Why doesn’t anyone point this out? It’s not hard to see, just by looking at the data. People are constantly looking for causation in correlation. Why does this particular correlation get ignored? Anyway, in terms of per capita, much of rural America is far more dangerous to your life than Chicago. Few people talk about the crime wave of poor rural white people and how that crime is trickling into the cities, such as all that meth that gets made out in rural America. Data shows that most drugs (both in total numbers and per capita) are used, carried, and sold by white people. Why has the War On Drugs targeted mostly minorities? Why don’t we have a War On Whites, as we presently have a War On Minorities?

If conservatives genuinely cared about any of these issues, why don’t they focus on all the data that would help us deal with the real problems we are facing? And if liberals cared as well, why won’t they hit conservatives with the best arguments available? Why are the culture war debates so one-sided? It seems like few Americans on either side want to deal with any of this, as it touches too many raw nerves. I can’t blame it all on conservatives. In this liberal town, it was the local liberal media that has been shown to have a strong racial bias and it is the local police force that has one of the largest racial disparities in drug arrests in the country.

Obviously, liberals are part of the problem, sometimes in a more direct way but often through apathy and complicity. It makes one wonder that the reason liberals don’t argue strongly back against conservatives is because many of them on some level agree with the conservative claims, even if they wouldn’t admit it or maybe aren’t even conscious of it. Conservatives will stop making these worthless arguments when liberals finally get the moral courage to stop being part of the problem.

Aren’t Irish White?

I think it cannot be maintained by any candid person that the African race have ever occupied or do promise ever to occupy any very high place in the human family. Their present condition is the strongest proof that they cannot. The Irish cannot; the American Indian cannot; the Chinese cannot. Before the energy of the Caucasian race all the other races have quailed and done obeisance.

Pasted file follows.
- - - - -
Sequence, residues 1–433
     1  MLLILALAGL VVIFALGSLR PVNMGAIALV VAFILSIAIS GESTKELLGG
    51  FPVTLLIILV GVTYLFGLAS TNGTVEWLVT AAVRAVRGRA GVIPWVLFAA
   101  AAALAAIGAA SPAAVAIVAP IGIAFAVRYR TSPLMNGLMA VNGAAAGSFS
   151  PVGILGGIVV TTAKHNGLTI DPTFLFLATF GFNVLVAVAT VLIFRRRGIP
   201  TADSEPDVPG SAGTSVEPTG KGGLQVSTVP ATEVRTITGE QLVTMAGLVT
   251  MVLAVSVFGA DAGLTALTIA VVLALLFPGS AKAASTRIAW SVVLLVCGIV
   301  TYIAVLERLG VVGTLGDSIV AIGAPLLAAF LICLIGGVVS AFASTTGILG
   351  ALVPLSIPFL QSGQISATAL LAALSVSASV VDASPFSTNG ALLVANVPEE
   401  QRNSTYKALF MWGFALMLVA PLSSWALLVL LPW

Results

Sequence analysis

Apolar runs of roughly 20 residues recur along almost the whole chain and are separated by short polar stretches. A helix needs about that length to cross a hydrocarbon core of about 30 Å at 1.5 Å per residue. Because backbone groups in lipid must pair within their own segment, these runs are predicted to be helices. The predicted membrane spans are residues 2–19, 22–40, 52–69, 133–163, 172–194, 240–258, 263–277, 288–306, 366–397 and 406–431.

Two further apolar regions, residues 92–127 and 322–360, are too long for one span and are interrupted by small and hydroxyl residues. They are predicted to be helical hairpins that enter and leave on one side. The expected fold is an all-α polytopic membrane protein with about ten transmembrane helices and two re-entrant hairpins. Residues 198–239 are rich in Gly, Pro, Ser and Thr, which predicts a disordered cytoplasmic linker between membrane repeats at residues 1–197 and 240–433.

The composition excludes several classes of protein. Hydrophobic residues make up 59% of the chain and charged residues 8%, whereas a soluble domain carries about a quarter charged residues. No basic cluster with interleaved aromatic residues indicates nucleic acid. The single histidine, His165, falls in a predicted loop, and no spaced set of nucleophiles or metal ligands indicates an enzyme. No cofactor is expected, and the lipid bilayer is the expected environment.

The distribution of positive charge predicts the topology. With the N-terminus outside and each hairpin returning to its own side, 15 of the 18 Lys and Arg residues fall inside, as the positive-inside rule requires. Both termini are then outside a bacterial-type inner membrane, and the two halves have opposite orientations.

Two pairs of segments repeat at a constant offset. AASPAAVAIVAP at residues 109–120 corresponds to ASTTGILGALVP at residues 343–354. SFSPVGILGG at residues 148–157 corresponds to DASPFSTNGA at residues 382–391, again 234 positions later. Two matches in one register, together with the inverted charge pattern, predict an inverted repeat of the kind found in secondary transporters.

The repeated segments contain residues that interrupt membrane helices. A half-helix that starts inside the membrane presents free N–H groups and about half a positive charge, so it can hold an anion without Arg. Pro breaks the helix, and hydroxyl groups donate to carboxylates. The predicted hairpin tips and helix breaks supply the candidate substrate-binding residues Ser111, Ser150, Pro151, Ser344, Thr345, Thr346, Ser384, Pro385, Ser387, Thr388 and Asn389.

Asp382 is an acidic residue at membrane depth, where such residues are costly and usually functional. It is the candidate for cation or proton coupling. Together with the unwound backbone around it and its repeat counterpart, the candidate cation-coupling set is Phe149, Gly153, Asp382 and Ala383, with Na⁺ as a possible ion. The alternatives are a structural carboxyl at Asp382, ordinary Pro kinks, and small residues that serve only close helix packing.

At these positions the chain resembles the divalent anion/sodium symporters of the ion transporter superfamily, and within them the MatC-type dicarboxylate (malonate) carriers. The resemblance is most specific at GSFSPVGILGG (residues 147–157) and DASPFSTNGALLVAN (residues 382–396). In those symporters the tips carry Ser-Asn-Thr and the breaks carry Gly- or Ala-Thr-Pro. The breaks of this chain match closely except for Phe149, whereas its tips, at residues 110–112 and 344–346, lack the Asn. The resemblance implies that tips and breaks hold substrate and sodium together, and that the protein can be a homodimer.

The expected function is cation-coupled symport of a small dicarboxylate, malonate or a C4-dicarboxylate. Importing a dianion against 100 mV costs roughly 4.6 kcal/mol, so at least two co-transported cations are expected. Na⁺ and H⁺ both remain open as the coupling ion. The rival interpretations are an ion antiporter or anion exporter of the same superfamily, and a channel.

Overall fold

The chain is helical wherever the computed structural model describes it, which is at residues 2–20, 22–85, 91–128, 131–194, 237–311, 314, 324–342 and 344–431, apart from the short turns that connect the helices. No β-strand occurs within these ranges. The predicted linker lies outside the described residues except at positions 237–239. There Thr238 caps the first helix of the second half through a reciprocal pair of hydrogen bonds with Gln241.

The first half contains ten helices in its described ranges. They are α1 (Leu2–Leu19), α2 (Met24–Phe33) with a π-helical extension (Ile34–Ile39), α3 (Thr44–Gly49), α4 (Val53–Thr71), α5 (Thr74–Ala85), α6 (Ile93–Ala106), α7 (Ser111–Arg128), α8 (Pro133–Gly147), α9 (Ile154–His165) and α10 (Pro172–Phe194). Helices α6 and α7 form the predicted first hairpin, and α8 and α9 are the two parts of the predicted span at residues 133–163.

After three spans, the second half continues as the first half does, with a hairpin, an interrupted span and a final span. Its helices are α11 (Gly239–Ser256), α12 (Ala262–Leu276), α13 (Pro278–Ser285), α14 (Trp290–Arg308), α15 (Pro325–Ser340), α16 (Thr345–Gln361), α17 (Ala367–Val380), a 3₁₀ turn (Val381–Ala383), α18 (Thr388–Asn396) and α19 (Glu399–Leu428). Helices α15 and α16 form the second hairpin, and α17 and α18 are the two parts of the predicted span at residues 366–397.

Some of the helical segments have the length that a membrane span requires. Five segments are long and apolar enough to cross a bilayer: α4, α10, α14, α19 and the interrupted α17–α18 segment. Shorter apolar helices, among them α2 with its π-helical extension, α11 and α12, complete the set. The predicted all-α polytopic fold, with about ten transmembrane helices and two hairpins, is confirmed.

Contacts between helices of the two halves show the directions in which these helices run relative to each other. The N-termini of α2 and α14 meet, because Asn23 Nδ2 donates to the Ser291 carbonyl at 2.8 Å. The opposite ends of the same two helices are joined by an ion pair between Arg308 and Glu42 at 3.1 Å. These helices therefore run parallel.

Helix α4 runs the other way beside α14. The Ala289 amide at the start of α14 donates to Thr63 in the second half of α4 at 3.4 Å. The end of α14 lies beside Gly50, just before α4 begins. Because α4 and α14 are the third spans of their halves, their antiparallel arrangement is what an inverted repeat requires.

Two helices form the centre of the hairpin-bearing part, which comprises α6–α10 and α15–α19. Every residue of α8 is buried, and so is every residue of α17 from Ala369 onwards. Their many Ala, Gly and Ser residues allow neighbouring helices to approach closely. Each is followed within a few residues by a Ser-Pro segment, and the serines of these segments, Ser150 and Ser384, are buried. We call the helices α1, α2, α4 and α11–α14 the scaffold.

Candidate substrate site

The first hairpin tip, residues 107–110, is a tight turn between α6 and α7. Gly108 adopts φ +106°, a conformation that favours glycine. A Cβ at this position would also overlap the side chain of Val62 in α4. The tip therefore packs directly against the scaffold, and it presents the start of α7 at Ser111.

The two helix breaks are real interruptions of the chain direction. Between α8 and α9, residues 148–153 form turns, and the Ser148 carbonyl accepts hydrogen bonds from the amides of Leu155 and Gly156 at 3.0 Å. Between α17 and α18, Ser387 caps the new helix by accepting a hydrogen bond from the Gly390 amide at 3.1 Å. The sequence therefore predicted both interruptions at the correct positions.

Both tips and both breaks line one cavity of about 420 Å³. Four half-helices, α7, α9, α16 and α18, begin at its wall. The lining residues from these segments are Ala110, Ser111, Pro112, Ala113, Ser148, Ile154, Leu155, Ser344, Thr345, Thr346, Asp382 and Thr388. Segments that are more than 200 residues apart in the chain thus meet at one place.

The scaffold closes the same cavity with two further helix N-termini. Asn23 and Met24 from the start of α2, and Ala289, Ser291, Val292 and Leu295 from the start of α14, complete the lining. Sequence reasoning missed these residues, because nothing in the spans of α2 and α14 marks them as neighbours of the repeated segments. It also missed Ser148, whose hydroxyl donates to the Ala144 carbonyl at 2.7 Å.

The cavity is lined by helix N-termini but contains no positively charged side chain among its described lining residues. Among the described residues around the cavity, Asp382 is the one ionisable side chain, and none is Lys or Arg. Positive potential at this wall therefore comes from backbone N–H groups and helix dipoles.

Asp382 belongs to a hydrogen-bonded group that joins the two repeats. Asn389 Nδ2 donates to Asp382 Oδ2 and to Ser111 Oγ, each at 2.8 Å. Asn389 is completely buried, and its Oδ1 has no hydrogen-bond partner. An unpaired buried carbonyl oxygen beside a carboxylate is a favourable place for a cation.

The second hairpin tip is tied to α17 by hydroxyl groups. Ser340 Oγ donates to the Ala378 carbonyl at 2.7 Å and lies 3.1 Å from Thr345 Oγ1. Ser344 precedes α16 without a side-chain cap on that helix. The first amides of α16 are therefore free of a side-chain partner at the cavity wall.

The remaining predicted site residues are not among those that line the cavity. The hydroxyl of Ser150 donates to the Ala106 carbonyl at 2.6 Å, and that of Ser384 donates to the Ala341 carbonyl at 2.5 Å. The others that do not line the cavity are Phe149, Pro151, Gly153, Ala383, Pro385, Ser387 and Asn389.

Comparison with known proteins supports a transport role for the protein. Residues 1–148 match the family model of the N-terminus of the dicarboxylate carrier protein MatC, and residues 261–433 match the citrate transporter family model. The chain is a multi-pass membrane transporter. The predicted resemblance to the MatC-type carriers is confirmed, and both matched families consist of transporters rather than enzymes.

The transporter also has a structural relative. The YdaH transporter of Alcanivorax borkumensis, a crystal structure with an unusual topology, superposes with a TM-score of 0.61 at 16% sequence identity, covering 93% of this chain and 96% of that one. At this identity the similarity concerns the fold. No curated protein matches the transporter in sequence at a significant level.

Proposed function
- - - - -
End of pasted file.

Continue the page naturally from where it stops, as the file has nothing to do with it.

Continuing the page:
Ralph Waldo Emerson wrote those words in the late 1820s or early 1830s (Journals and Miscellaneous Notebooks, Volume 12). Someone asked, in response to that quote, “aren’t Irish white?” Well, to the younger Emerson, obviously the Irish weren’t white or rather weren’t Caucasian.

Another great American luminary was Walt Whitman, a close acquaintance of Emerson. From a personal letter, he called Emerson “dear Friend and Master” and the admiration was mutual, Emerson even having penned Whitman a letter of recommendation. In the following decade, writing about Catholics after St. Patrick’s Cathedral was attacked by a Protestant mob, Whitman echoed Emerson’s attitude in describing the Irish faith as a “horrible and beastly superstition . . . dregs of foreign filth” (from The New York Aurora). Beastly! That was once a common way of speaking of the Irish, not just their whiteness but their very humanity under the severest of doubt.

They both were writing at a time when the large waves of Irish immigrants were seen as one of the greatest threats by American WASPs. Think about it. In the decades prior, there had been several Irish rebellions, all of which failed. This had led to many Irish seeking to escape to other countries, most of them ending up in the United States. The English were more than glad to get rid of them. Those of English ancestry in the U.S., however, weren’t so glad to receive them. Just because Americans had fought a revolution against the British a half century before didn’t lead them to be any more sympathetic to the Irish cause, much less the Irish people.

I know it seems strange compared to the world now. But the US once was a far different place. It’s just a fact that the Irish, Scots-Irish, Italians, etc weren’t always considered white or Caucasian. There are entire books written explaining this history. One such book is The History of White People by Nell Irvin Painter, in which she discusses the above Emerson quote, and a few paragraphs on she writes that,